The police told Deputy Coroner Traeger that there was a woman who reportedly saw George fall from the wagon. It seems they never found the two men that were crouched over him initially seen by Edward Deegan, the electric railway driver. The drivers of the railway car that went through the area before the one driven by Deegan were subpoenaed. I have not seen their testimony but it must not have provided any help. The jury took a look at the wagon and saw the damage that Eva testified wasn’t there before he left the home that morning. The two doctors differed in their autopsy results. The coroner didn’t provide detailed information that the second physician provided. There were 14 witnesses including Eva, the coroner, 2 conductors, 1 policeman, 3 housewives, 3 motormen, 2 teamsters, and 1 bartender. The second physician is not listed.
In the end, the inquest records show the verdict from 6 jurors, was “from shock and internal hemorrhage and rupture of the liver due to external violence, and from the evidence presented we the jury are unable to determine how said external violence was received.”
The personal effects on his body listed were: Cash $5.70, Finger ring, 1 pr cuff buttons, 3 collar buttons, 1 pocket knife, 1 watch& chain, 1 memo book, name papers.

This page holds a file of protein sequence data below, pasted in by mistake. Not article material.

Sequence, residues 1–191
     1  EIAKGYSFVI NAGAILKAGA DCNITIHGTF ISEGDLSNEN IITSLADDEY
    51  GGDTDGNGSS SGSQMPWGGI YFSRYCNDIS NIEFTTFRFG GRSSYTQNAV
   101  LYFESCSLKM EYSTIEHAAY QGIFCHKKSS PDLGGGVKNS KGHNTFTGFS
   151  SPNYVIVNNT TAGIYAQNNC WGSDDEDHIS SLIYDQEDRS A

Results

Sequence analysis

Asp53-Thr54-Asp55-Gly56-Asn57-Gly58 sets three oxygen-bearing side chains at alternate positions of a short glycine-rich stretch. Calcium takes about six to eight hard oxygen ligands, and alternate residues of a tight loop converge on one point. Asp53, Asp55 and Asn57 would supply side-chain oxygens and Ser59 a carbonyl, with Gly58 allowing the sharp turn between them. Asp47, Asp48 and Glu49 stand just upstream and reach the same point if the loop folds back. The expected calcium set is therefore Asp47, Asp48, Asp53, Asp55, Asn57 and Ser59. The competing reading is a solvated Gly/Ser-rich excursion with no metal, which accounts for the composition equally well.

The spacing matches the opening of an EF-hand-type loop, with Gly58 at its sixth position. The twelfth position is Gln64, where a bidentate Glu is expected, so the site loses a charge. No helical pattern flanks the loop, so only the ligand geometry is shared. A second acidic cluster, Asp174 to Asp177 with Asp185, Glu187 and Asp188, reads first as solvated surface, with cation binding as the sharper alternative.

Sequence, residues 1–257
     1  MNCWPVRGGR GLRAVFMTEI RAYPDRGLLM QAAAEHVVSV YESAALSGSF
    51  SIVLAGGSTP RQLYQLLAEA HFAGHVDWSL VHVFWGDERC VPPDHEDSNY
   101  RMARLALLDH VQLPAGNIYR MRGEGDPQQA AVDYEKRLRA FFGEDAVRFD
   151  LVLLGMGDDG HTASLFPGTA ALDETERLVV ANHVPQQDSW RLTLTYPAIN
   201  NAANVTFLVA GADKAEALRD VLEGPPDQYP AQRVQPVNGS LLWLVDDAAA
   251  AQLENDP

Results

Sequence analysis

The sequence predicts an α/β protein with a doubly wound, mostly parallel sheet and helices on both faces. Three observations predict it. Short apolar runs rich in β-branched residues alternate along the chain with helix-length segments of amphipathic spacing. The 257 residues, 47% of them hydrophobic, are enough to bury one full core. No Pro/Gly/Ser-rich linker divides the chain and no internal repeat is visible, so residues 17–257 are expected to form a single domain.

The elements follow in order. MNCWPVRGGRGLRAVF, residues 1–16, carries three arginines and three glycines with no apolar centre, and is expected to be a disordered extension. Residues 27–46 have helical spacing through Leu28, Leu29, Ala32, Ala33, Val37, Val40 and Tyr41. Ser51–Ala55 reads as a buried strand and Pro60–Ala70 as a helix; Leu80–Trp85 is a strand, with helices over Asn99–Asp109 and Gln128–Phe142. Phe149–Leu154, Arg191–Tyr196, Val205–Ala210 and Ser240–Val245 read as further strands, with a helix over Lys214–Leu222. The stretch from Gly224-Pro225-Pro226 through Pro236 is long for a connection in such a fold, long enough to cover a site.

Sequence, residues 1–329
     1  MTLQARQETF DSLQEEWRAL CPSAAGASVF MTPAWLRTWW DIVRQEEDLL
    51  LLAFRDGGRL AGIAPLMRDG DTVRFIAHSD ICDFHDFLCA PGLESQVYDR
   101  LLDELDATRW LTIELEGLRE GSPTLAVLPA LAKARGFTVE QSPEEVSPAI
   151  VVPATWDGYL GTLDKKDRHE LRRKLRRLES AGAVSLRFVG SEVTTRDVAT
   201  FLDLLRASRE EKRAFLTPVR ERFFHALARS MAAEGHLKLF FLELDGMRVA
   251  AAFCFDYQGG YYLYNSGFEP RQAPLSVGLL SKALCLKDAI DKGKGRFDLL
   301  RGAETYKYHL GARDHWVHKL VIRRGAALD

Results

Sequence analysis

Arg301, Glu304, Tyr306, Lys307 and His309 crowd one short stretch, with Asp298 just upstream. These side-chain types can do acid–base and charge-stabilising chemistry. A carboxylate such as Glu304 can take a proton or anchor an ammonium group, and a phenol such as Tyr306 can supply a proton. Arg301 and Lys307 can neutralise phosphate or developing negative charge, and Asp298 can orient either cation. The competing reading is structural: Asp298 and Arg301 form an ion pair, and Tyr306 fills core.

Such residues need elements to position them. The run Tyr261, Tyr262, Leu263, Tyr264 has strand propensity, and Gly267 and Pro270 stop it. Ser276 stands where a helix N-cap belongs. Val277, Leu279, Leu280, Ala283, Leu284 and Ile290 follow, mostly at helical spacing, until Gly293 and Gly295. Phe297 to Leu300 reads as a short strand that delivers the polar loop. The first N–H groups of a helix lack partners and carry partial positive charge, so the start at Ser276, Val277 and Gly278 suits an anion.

From talking with my mom who knew her grandma, Eva was not happy with the final decision as she was sure that he was killed in some manner and the fact that the paper reported that “we have nothing to hide” and how she was initially treated by the police and coroner surely didn’t set well. However, if it had been a robbery, I would think that his personal effects would have been gone and that the men that were crouched over him would have run off without helping the railway man get George into the car. Also, the horses and wagon weren’t in sight and if it had been a robbery, they would have worked faster. He must have been laying on the tracks for a little while before these men came across him. Did the horses get spooked and he somehow lost control? How did the wagon get damaged? By looking at the photo, you can see how he could have fallen onto the wheel on his right side or back and then on down to the ground. He may have then fallen on his right side or back on the tracks which could account for the broken ribs and vertebrae. There was no mention of a head injury. We will never know for sure what happened.
I would like to know if the German language newspaper covered this and if so, what was written in it. Also, is there a more detailed record from the coroners office that shows the testimony of the witnesses.
The next post will be the probate and final resting place of George Mangen.
George Mangen – Great Grandfather
Henry Mangen – Grandfather
Florence Mangen – Mother
Photo from personal files.
Chicago Daily Tribune Saturday May 9, 1903, page3.
“File:1903 Rand McNally Chicago Map.jpg.” Wikimedia Commons, the free media repository. 16 Aug 2016, 08:39 UTC. 23 Dec 2018, 20:37
Chicago Daily Tribune Saturday may 16, 1903, page2.
Chicago Daily Tribune Sunday May 17, 1903, page 2.
The Inter Ocean Sunday May 17, 1903, page 3.
George Mangen Inquest papers from the Cook County Morgue Chicago, IL dated 23 May 1903.